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 Post subject: Capacitor leak detector
PostPosted: Mar Thu 08, 2018 10:42 pm 
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Posts: 525
Location: Colorado Springs, CO
After a lot of study of capacitor leakage and insulation resistance (IR) I have come up with what I believe is a safe, simple, inexpensive, practical cap leak detector. The best part is that the heart of it, the DC-DC boost module is actually a freebie from Harbor Freight, an electric fly swatter.

I had done some experimenting with leak testing using a large number of 9v batteries, which worked, but not at rated voltage. I looked for DC-DC boost modules on line and couldn’t find anything with high enough voltage for a price I was willing to pay. Then I discovered that the fly swatter puts out about 1KV to an open load from two AA cells.

The output voltage is controlled with input voltage, however the input voltage was hard to control, so I added a voltage regulator, a LM2596S Buck Adjustable Power Supply module. Now a wide range of input voltages and varying loads would always deliver the desired output. I found this on ebay, six of them for $8 with free shipping. What a deal.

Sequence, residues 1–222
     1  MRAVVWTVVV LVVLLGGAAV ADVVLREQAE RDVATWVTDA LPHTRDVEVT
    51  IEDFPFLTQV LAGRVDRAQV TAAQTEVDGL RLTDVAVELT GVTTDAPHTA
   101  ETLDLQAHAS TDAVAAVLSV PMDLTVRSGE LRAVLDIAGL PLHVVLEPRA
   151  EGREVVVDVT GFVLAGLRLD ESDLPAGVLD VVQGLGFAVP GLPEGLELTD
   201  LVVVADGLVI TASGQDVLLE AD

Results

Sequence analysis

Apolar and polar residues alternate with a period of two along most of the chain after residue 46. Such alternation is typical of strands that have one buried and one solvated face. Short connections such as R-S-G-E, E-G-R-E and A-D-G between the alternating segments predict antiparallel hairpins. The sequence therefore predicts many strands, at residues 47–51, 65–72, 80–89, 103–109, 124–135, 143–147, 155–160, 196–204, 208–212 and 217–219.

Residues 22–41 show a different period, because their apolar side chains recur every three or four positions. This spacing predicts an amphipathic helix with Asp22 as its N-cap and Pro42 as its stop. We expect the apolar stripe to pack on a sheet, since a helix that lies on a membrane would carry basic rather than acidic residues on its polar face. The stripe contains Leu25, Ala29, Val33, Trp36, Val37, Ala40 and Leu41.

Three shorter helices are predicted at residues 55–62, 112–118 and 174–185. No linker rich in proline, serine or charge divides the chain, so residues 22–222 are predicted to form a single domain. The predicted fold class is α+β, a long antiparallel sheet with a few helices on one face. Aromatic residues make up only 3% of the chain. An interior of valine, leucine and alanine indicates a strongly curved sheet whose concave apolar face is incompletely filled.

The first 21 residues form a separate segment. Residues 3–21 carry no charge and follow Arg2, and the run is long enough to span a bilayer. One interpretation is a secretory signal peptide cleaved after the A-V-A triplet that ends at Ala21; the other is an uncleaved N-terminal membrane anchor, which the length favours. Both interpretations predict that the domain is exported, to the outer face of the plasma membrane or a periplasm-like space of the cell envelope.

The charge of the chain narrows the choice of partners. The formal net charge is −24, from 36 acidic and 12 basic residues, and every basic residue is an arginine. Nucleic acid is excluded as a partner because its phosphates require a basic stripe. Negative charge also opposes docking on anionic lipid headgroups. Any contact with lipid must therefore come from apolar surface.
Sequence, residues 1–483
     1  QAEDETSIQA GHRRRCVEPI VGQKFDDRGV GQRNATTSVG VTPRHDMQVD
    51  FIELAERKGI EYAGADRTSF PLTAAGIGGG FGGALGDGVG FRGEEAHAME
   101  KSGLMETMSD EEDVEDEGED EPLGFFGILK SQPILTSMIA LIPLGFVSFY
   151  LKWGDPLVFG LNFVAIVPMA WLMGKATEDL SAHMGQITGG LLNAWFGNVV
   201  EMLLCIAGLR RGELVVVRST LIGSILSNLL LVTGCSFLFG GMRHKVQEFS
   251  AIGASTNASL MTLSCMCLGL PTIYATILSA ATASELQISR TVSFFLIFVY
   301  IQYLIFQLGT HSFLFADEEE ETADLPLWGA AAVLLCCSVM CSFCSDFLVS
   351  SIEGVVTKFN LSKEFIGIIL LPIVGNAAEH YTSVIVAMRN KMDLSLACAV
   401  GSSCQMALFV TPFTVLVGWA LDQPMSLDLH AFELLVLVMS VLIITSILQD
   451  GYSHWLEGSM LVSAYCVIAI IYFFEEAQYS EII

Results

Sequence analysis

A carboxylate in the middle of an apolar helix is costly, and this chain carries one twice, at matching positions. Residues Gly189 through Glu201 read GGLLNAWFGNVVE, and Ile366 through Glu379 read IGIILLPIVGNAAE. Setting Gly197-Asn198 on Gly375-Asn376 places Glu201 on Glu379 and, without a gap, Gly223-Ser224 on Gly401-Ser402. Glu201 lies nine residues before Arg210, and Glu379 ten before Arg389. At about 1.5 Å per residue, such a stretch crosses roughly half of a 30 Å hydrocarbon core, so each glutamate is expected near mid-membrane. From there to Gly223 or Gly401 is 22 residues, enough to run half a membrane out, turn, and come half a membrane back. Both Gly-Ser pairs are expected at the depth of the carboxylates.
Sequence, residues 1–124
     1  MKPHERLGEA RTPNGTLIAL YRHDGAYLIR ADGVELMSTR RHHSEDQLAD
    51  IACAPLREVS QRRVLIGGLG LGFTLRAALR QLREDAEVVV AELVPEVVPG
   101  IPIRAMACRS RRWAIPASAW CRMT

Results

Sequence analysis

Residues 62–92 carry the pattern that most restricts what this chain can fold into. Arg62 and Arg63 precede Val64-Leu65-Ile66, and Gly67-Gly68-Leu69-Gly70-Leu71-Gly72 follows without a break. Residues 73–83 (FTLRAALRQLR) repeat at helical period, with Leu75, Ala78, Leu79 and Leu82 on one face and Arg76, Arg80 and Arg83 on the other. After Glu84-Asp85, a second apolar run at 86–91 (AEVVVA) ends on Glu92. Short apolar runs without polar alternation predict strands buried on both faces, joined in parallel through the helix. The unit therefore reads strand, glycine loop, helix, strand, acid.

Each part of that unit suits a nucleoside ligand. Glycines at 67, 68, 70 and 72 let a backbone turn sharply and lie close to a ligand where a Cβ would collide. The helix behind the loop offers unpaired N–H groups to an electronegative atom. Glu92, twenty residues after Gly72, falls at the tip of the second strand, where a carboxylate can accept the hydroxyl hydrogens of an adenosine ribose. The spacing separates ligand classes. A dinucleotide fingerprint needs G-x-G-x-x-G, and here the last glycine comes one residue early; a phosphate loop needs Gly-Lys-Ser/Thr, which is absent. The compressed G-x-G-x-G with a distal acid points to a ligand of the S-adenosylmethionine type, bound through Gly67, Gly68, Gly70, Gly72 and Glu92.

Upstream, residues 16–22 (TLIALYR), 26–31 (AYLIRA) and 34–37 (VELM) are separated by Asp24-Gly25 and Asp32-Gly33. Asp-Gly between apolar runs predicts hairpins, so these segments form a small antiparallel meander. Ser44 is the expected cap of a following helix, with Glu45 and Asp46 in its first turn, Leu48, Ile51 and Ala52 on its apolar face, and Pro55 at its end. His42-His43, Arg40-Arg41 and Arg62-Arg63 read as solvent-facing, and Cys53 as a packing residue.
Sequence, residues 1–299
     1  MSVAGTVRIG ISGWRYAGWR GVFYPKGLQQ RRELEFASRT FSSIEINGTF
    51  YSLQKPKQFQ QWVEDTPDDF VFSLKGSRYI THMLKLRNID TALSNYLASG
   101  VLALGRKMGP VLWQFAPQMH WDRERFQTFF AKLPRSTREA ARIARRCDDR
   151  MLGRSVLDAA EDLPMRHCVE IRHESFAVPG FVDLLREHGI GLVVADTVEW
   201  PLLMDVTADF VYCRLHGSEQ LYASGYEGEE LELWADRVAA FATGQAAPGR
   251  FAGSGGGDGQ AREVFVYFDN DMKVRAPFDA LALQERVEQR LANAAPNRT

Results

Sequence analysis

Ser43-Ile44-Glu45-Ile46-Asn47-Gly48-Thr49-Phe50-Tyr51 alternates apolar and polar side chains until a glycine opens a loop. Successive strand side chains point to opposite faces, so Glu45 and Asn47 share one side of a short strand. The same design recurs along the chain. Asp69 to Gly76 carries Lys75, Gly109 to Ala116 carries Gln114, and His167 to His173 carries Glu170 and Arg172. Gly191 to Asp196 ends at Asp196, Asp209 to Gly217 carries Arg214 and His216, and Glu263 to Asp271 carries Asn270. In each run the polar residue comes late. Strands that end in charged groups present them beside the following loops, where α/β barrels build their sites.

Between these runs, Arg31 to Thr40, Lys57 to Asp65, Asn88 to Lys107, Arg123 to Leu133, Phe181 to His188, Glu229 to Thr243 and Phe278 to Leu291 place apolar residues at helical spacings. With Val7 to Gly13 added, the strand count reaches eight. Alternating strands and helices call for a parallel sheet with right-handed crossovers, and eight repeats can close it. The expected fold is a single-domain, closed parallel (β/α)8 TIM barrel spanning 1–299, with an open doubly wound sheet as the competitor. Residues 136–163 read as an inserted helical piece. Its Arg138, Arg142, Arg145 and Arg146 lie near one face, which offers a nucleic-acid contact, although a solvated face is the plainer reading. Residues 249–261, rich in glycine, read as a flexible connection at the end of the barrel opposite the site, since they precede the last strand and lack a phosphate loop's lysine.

Attachment:
File comment: The schematic
Cap test.jpg
Cap test.jpg [ 45.56 KiB | Viewed 568 times ]

I am able to measure the very large IR indirectly by comparing the test voltage to the voltage drop across the DVM (10 megohm input resistance). Yeah, it’s really a DMM, I’m just using the voltmeter function for this. The best data I can find indicates that film caps less than .047mf should have IR of 10,000 megohms or greater. So, the IR of a good cap is about three orders of magnitude larger than the DVM. Therefore, a cap with good IR should register on the DVM about 1/1000 of what is dropped across the test cap. Larger voltage registered on the DVM indicates leakage/lowered IR. So, with a test voltage of say 630 volts, the DVM should register about .63 volts or less on a cap with good IR. For caps larger than .047mf it gets more complicated. Larger caps have lower IR and the capacitance must be taken into account when determining what leakage is allowable. I don’t know if testing electyrolytics is practical or what leakage is acceptable.